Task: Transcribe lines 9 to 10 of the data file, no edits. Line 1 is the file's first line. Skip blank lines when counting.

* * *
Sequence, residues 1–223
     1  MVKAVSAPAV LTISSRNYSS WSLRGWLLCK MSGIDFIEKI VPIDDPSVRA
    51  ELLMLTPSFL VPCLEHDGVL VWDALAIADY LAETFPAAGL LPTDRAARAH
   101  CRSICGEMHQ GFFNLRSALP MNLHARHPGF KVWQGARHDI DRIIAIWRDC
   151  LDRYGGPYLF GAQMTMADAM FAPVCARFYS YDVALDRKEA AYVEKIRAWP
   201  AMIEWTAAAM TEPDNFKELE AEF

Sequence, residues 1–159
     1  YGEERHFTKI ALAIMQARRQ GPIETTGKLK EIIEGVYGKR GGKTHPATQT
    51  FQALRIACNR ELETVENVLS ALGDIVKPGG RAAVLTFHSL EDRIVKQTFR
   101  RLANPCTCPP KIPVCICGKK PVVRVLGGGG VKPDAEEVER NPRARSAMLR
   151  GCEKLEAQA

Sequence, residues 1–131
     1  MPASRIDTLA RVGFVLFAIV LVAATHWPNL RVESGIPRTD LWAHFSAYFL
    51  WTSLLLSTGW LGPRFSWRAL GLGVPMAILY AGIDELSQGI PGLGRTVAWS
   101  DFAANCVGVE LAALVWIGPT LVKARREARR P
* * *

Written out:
    51  FQALRIACNR ELETVENVLS ALGDIVKPGG RAAVLTFHSL EDRIVKQTFR
   101  RLANPCTCPP KIPVCICGKK PVVRVLGGGG VKPDAEEVER NPRARSAMLR